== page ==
Butuan’s poetry-reading session through the years

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BUTUAN CITY (MindaNews / 25 June) – It’s been three years now since poets, poetry enthusiasts, artists and friends climbed up a hill and gather around under the rambutan trees of Zoila’s Farm of Barangay Taligaman in this city.

Group members read aloud their poems or their favorite poetry, passages or even lines from songs from their favorite authors. The session is held every second Saturday of the month. Occasionally, the venue is held at the garden homes and art studios of the participants.

The Butuan group in one of their poetry reading sessions in 2014.
The Butuan group in one of their poetry reading sessions in 2014.

“This is a wonderful form of relaxation, deeply inspiring and fun,” Says Vangie P. Dominise, a tourism teacher and government employee who lately sang a classic French song.

The singing and dancing of some participants made the gathering even more colorful and dynamic. “The sessions have in a way evolve the way each of us wants to express ourselves and everyone’s supportive,” shares Sally Joy Bungabung, a working mother and book reader.

Ana Marie Llorente, a painter based in Italy and Butuan who hosted two sessions in her home studio, demonstrated Chinese painting, her entry, which everyone appreciated as they brought home one painting each.

Bobby Cielo, a performing artist and government consultant, did a classic performance of a peasant’s life in Mindanao (written by a nun in the ’70s), so did Jon Honculada, a painter and landscape artist, doing an American folk experience.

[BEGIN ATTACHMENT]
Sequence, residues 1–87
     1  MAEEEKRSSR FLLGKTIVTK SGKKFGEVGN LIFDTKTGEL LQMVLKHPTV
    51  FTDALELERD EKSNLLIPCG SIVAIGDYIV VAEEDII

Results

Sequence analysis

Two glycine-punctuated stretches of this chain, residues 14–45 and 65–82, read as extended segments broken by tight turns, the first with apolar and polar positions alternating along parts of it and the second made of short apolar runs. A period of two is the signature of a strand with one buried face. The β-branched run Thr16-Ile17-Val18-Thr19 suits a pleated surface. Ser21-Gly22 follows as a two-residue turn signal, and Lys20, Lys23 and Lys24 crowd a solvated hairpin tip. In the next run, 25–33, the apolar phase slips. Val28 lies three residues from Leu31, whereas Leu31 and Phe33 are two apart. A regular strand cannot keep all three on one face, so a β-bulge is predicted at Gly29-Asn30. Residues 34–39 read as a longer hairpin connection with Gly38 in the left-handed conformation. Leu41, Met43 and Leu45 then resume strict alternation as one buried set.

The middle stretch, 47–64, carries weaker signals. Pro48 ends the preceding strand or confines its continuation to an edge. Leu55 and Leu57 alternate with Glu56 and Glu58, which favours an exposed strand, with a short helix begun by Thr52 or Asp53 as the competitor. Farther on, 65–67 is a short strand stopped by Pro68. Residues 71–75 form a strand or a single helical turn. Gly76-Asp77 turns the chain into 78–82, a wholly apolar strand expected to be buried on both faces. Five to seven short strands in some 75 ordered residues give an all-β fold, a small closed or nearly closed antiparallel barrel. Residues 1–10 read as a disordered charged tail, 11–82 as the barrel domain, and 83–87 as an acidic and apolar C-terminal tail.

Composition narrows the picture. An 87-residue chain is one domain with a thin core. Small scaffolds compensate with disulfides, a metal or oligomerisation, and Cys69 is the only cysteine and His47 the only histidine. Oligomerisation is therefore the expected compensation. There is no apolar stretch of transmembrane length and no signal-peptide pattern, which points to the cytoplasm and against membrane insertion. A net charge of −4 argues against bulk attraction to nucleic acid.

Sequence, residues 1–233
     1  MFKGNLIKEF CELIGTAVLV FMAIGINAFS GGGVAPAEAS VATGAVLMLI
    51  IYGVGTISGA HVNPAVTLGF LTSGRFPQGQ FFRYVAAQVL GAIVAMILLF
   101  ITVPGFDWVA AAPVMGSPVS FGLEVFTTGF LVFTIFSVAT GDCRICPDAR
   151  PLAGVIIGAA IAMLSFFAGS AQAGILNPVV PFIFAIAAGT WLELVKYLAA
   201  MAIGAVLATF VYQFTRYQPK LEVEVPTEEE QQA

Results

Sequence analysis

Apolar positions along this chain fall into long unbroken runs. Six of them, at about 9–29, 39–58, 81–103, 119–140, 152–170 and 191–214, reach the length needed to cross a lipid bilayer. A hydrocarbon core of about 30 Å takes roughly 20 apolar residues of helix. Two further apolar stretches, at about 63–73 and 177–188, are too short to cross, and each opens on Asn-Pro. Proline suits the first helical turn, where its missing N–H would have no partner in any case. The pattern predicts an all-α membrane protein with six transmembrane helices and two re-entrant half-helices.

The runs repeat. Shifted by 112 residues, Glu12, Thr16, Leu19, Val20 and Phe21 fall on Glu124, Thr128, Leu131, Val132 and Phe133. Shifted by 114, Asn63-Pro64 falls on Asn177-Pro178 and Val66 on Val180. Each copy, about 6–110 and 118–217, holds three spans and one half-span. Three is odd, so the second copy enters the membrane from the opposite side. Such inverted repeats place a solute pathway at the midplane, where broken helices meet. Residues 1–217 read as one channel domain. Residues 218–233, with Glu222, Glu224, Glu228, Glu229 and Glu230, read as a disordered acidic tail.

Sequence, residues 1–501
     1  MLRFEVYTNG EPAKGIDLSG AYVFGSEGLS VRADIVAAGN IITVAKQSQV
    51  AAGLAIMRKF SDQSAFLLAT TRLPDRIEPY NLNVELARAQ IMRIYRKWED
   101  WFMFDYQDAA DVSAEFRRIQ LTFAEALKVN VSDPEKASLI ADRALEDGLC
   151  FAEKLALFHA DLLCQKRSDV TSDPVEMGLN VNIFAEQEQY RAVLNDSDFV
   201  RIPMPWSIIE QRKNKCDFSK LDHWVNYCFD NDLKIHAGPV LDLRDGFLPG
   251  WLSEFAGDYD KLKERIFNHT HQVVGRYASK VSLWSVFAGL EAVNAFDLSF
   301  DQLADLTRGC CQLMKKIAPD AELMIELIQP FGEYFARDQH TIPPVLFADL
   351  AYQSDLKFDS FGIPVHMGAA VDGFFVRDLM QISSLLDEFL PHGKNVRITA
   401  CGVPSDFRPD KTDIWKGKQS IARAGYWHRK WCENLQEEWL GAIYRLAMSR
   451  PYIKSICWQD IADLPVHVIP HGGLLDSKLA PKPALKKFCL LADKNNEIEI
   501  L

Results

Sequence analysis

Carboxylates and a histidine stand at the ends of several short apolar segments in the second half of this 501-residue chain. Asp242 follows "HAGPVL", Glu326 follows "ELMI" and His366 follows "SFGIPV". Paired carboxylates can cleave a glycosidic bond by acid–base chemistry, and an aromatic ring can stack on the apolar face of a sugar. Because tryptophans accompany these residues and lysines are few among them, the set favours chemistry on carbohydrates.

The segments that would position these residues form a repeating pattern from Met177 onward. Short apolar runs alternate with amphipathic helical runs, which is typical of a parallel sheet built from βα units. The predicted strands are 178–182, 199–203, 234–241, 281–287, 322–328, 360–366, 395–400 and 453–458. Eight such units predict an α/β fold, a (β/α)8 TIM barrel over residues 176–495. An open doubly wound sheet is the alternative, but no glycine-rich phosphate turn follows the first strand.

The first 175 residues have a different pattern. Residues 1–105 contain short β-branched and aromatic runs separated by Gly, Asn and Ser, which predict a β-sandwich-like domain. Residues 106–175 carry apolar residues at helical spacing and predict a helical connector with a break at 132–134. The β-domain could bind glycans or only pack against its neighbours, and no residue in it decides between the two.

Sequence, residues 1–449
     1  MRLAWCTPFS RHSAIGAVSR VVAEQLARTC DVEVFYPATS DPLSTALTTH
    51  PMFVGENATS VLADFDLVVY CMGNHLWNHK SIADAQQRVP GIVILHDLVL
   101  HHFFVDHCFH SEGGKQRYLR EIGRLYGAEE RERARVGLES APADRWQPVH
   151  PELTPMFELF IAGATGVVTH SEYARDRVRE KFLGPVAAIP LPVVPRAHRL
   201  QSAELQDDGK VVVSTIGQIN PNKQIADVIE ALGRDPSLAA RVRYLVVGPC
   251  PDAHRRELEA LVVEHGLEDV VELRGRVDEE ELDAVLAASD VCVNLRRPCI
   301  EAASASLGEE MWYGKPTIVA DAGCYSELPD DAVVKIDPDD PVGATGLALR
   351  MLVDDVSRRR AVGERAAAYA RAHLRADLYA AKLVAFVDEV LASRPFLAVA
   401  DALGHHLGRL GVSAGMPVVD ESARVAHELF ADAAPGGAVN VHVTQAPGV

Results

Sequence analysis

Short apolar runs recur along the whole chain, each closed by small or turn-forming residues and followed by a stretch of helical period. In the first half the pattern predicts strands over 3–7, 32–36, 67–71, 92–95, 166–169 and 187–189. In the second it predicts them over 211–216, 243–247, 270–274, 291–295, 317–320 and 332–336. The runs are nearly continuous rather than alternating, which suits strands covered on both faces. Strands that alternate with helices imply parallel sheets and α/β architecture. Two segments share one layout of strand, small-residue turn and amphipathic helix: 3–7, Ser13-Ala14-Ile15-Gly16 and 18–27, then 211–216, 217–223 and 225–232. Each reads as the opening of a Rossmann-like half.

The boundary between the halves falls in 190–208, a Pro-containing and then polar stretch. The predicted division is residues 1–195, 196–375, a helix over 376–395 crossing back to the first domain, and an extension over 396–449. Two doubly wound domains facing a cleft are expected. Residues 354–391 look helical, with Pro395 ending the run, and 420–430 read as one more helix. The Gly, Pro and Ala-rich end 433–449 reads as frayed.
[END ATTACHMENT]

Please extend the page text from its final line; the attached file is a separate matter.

A young voice, Andre Pena, an English major and fashion model, is a refreshing revelation with her own poem and her favorite readings. Casiana Torralba, a retired humanities teacher, painter, poet and gardener steers friendly and loving debates and times of nostalgia.

Newcomer Nerio Rosales, a lawyer, easily fits in as he recites his favorite poem of long ago, “during my high school seminary days.” He lives in an isolated rural area where he silently watches kingfishers. Now the group can’t wait to hold the session there and watched kingfishers.

“We welcome anyone. You don’t have to be a poet, you can come and listen,” informs Bryan Edulzura, an aspiring writer from the Department of Interior and Local Government. Now that the rains have come, the group (which has no official name) is eyeing to hold the sessions again outdoors, back to Zoila’s Farm where it all began.

“But since its a bit slippery and muddy, we can have it not under the rambutan trees but this time under the huge old mango tree, just across the highway,” suggested yours truly.

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